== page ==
Wars and Military Conflicts

Ukraine vows return to union with Crimea

We'll lift sanctions if Russia complies: Poroshenko
We'll lift sanctions if Russia complies: Poroshenko

As the European Union announced a fresh wave of sanctions against Moscow, Ukraine's President Petro Poroshenko vowed Friday to reunite the Russian-held region of Crimea with the rest of the country.

The annexation of Crimea, which sparked a diplomatic crisis with the West, will be reversed not by military force, but by an "economic and democratic petition" Poroshenko declared.

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"We have a significant problem. They said we lost the Crimea. No, we had an invasion in Crimea - but Crimea will be back together with us," he said, speaking at the 11th Yalta European Strategy (YES) conference in Kiev.

Speaking to CNBC, Poroshenko said the key issue for Ukraine is its "independence, sovereignty and territorial integrity" as he called for the total withdrawal of Russian troops from the border.

Viktor Yushchenko, the pro-Western former president of the Ukraine, added that current relations with the Kremlin were in tatters as President Putin refuses to take part in discussions himself.

Ukraine's President Petro Poroshenko sings the national anthem during the Independence Day military parade, in Kiev, Aug. 24, 2014.
Gleb Garanich | Reuters

"It is impossible to negotiate with Putin, he is not even participating in the discussions. His puppets are talking instead of him," he told CNBC through an interpreter at the conference.

The EU put new sanctions into effect against Russia on Friday, including restrictions on financing from some Russian state-owned companies and asset freezes on leading Russian politicians.

Poroshenko said the sanctions showed Europe's level of solidarity with Ukraine in the face of confrontation with Russia.

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"I am proud to be Ukrainian. I feel myself a full member of the European Union family," he said.

The new sanctions mean 24 further people will be subject to travel ban and asset freezes, bringing the overall number to 119 individuals.

The YES conference, usually hosted at Yalta, is based in Kiev this year as Yalta is based in Crimea and so under Russian rule.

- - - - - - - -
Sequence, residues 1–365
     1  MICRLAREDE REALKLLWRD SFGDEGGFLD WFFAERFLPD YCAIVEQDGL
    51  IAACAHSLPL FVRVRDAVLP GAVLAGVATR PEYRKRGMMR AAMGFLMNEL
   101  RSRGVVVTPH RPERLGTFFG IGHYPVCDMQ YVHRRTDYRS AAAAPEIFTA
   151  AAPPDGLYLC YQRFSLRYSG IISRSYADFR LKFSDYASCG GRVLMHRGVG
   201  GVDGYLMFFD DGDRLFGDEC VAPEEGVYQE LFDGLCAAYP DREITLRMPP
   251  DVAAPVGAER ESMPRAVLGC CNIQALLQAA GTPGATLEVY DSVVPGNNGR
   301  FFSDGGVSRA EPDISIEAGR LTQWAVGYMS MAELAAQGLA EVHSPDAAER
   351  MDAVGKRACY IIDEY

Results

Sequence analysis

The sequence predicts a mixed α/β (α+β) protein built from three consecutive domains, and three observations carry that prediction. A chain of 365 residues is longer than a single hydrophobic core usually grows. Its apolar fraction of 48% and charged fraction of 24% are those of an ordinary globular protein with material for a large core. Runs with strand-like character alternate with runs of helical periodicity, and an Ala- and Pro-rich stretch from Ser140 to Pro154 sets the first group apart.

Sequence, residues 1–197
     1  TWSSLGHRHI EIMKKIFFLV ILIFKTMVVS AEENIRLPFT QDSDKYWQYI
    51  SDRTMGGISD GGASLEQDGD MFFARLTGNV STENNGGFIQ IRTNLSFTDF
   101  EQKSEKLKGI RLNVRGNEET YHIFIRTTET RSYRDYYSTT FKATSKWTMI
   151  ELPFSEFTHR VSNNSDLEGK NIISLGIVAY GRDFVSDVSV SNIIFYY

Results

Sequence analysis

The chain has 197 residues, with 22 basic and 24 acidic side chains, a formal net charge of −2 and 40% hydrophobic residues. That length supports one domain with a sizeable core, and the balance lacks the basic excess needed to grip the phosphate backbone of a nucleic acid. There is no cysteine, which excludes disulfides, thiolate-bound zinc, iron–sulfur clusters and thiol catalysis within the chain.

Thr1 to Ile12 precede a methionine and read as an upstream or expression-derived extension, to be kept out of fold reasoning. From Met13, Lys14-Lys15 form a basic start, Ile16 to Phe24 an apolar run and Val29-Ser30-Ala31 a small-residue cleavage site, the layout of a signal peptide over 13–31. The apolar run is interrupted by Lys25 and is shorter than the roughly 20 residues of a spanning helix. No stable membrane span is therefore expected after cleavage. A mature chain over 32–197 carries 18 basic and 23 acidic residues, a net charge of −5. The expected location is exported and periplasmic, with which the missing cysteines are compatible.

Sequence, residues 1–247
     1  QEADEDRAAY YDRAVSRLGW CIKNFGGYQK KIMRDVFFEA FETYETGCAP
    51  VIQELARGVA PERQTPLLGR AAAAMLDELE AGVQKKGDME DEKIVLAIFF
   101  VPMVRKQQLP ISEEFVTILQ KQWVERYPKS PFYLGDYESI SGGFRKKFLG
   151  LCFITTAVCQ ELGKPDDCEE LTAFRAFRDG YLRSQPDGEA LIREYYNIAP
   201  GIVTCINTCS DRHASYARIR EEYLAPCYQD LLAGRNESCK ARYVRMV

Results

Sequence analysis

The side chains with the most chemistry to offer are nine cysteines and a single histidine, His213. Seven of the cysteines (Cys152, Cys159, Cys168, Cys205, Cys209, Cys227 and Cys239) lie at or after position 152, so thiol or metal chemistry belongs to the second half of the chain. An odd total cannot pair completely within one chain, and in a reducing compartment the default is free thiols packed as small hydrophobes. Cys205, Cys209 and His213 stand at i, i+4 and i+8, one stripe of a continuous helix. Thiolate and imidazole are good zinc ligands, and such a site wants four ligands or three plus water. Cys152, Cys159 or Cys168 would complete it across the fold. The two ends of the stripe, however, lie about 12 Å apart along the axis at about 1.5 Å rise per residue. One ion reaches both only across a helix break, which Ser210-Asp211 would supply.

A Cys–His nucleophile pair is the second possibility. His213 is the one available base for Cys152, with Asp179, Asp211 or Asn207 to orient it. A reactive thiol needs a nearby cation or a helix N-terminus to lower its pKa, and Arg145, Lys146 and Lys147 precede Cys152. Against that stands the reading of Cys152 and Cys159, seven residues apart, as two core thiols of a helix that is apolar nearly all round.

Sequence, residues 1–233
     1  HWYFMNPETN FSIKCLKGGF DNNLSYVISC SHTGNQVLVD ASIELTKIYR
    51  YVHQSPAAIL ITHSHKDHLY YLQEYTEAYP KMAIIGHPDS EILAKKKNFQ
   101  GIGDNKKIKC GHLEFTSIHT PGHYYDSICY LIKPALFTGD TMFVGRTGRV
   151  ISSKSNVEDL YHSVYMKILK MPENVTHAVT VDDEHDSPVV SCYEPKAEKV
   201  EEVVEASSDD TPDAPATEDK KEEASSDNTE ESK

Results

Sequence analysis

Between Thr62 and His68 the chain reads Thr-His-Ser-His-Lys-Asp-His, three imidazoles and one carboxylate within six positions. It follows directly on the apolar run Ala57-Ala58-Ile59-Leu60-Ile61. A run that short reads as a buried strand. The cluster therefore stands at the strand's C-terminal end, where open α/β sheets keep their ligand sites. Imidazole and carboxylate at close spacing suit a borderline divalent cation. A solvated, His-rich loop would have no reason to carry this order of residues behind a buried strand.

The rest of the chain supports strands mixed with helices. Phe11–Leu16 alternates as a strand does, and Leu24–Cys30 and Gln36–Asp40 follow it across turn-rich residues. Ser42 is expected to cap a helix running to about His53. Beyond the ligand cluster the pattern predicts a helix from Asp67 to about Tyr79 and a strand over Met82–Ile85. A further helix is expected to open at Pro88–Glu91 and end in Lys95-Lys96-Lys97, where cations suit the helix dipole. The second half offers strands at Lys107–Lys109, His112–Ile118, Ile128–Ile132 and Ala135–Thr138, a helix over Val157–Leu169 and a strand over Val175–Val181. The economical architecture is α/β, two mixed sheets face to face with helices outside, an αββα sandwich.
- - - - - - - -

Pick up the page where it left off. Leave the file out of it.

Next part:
Ukraine needs military aid: Ex-President
Ukraine needs military aid: Ex-President

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Like Poroshenko, Yushchenko was confident Ukraine can be reunited again but said the country needed more support first.

"Unfortunately we are witnesses of a he wall that is being built across Europe. This is a problem of two different systems of values. But altogether as a mosaic, as a puzzle all these things taken together will help us to win. Ukraine needs military and technical aid. We are talking about defensive weapons, we have to be more decisive on sanctions," he said through an interpreter.

Also attending the event was mayor of Kiev of former boxing world champion Vitaly Klitschko who ran again Poroshenko in the presidential election, before pulling out to back him.

"We want peace, but somebody doesn't want to do that. They have another goal to destabilize the situation and Ukraine – because they don't agree with us becoming a European country," he told CNBC.

The U.S. is set to follow Europe's lead and also implement fresh sanctions against Russia, focusing on energy finance and defence.

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US sanctions to focus on key sectors: US ambassador
US sanctions to focus on key sectors: US ambassador

Last week, former presidential candidate Senator John McCain urged NATO leaders to arm Ukraine and equip the country with intelligence and defensive weapons, branding the West's efforts to support the country's fight against Russian separatists so far as "shameful".

Current U.S. Ambassador to Ukraine Geoffrey Pyatt defended the Obama administration's stance and said the U.S. had given Ukraine $70 million in "security sector assistance" to date, but the solution to the crisis had to be diplomatic.

Read MoreWest must arm Ukraine to fight 'invasion': McCain

"We are going to continue to identify opportunities to help build the Ukrainians to defend themselves, but this crisis doesn't have a military solution, it has to be solved through diplomacy," he told CNBC.

Pyatt said new sanctions are also a "clear signal" to Russia that the U.S. is prepared to continue to "raising the price for Russia's unrelenting campaign of aggression against the Ukraine."

"It (Russia) is an economy that is tied to global markets, that is precisely why Russia is so vulnerable to these new sanctions, as long as we work jointly with our European partners. We want to engage Russia, but only on terms of respect for the independence and territorial independence of all of its neighbours, importantly including Ukraine," he added.

By CNBC's Jenny Cosgrave: Follow her on Twitter @jenny_cosgrave

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